Business / Companies

China's State Grid to build mammoth power line for Belo Monte dam in Brazil

(Xinhua) Updated: 2015-07-18 15:06

China's State Grid to build mammoth power line for Belo Monte dam in Brazil

Executive Vice President and Deputy General Manager of State Grid Corporation of China, Yang Qing (C), hammers a gavel to close the trading session with members of his company at Brazil's BM&FBovespa Stock Market in Sao Paulo July 17, 2015. China's State Grid won a concession to build and operate the second power transmission line to connect the giant Belo Monte hydro power plant to the national Brazilian grid in an auction on Friday. [Photo/Agencies]

RIO DE JANEIRO - China's State Grid Brazil Holding won a contract Thursday to build a gigantic transmission line for the Belo Monde hydroelectric dam, located deep in the Amazon rainforest.

In an auction realized at the Sao Paulo Stock Exchange, the State Grid subsidiary made the lowest bid by offering to operate the dam's second power line in exchange for 988 million reals a year ($309 million).

The winning offer was 19 percent lower than the maximum amount permitted in the auction. Spanish firm Abengoa came in second place in the bid.

As the winner, State Grid Brazil Holding has committed to finish building in 2019 and to begin operating the power line in 2020 and will maintain the concession for 30 years.

The second transmission line will run for 2,250 km and will connect the Belo Monte dam to the town of Nova Iguacu near Rio de Janeiro.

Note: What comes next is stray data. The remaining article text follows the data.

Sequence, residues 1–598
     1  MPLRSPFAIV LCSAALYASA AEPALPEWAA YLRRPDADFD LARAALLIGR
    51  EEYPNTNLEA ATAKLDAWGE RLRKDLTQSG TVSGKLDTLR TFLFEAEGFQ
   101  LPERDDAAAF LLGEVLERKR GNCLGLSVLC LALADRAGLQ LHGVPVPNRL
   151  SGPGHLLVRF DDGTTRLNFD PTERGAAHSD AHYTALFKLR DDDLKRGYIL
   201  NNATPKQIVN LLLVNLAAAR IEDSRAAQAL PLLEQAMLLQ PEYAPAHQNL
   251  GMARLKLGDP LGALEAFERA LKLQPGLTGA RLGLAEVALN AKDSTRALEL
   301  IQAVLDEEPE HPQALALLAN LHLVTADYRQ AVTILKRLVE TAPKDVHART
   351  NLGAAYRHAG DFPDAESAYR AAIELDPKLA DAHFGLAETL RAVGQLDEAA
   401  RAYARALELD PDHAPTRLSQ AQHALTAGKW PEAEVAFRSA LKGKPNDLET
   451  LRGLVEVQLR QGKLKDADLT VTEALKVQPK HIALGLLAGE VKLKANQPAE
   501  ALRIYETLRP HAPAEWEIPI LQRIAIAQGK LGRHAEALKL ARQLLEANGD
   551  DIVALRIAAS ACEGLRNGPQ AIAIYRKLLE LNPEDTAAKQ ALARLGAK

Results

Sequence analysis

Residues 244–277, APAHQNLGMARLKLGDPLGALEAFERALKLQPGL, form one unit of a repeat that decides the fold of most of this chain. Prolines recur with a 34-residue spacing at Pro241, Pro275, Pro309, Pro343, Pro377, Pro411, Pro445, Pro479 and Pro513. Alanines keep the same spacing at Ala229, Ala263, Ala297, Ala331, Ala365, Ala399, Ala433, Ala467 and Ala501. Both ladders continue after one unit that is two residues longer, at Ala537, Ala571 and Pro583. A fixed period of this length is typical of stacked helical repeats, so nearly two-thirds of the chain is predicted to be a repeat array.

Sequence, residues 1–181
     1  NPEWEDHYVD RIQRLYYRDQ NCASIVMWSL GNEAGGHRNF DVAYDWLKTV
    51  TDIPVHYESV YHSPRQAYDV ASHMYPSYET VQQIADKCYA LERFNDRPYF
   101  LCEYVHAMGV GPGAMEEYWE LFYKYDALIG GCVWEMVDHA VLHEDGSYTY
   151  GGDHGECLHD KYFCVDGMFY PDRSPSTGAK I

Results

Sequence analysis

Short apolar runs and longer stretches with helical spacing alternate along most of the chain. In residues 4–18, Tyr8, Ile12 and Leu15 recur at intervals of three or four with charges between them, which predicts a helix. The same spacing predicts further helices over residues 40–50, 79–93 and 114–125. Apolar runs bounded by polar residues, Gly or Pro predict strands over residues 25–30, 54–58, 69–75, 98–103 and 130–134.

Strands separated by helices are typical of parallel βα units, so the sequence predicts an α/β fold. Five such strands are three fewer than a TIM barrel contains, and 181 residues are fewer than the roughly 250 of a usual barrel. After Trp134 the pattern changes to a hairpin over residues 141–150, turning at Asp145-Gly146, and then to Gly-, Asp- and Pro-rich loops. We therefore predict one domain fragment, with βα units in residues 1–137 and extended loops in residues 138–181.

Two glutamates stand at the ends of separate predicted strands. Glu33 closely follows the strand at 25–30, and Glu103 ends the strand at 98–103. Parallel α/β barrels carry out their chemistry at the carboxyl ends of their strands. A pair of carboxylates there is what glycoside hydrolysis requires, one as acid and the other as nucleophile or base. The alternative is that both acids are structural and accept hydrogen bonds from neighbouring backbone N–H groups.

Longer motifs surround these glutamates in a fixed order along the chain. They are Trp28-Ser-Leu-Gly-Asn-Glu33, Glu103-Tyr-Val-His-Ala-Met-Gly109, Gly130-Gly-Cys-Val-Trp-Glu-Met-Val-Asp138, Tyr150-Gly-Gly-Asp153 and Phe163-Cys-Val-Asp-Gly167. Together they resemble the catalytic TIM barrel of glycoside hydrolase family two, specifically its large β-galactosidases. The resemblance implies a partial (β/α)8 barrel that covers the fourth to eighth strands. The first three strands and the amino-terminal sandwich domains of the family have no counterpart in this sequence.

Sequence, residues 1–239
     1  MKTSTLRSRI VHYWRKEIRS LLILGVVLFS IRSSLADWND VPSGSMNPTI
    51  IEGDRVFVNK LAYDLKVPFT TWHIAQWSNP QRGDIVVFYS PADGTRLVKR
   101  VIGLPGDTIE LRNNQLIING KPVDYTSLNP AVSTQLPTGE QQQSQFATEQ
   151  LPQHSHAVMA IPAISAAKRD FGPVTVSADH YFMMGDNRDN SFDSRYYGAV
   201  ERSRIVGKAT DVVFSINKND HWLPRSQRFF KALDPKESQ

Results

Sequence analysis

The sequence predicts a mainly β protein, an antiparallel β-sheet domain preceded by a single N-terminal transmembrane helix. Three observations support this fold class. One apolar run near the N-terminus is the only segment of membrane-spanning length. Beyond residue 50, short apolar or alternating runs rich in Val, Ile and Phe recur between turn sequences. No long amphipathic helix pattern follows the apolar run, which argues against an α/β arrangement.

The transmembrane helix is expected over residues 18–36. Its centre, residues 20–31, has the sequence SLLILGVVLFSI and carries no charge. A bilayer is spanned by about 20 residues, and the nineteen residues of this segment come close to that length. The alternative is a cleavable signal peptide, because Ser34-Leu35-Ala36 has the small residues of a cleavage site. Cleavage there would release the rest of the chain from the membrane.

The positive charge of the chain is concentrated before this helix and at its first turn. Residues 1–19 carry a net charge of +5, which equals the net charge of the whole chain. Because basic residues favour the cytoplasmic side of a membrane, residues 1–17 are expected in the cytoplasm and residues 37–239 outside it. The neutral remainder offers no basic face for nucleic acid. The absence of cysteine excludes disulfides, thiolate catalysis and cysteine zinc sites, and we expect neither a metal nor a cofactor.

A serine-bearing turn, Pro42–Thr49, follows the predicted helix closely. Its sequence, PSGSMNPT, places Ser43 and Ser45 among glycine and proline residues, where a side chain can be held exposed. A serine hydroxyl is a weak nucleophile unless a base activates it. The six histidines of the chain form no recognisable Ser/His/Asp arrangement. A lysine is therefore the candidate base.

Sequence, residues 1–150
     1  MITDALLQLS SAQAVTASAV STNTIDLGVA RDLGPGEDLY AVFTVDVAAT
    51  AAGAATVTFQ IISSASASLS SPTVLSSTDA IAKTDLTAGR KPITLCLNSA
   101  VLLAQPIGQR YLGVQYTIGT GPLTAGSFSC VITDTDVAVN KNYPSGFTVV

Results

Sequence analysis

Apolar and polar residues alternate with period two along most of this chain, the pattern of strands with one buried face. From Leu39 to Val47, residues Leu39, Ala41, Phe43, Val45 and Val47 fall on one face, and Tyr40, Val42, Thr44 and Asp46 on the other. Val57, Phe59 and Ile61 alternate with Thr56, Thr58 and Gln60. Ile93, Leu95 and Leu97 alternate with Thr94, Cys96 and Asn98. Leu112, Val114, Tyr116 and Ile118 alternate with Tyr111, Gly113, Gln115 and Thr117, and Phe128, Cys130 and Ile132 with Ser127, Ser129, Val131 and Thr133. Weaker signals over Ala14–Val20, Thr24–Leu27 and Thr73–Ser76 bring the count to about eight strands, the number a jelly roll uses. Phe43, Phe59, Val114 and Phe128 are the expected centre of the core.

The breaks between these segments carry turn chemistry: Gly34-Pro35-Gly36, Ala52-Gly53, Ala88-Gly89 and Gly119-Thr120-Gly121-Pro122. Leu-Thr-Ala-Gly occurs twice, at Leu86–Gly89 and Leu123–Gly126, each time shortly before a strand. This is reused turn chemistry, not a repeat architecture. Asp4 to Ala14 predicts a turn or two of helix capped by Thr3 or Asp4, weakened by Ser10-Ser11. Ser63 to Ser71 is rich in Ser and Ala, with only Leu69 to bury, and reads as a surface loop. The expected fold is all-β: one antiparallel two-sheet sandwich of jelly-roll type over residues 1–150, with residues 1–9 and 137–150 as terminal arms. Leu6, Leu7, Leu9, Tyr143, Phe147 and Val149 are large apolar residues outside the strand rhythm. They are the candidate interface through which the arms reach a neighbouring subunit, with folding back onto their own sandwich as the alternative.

The project is expected to create 16,800 direct jobs in the states of Para, Tocantins, Goias, Minas Gerais and Rio de Janeiro.

The construction is estimated to require an investment of 7 billion reals ($2.19 billion) and will be spread across five Brazilian states.

According to Ramon Haddad, Vice-President for Operations at State Grid Brazil Holding, the scale of the project means that the Chinese firm will be seeking a partner in Brazil to help.

Construction on the Belo Monte dam began in March 2011 but has faced regular opposition by indigenous communities, farmers, fishermen and ecologists, who maintain the project will have a devastating environmental impact on the Amazon.

Work on the dam should be completed by January 2019 but has seen regular interruptions due to judicial reversals, strikes by workers and protests. Belo Monte will dam the Xingu river, a tributary to the Amazon, and is set to flood 506 square kilometers of the jungle.

Once fully operational, Belo Monte will have a maximum capacity of 11,233 Mw, and is estimated to produce at an average capacity of 4,419 Mw a year. It will be the world's third largest hydroelectric dam and is located in the northern state of Para.

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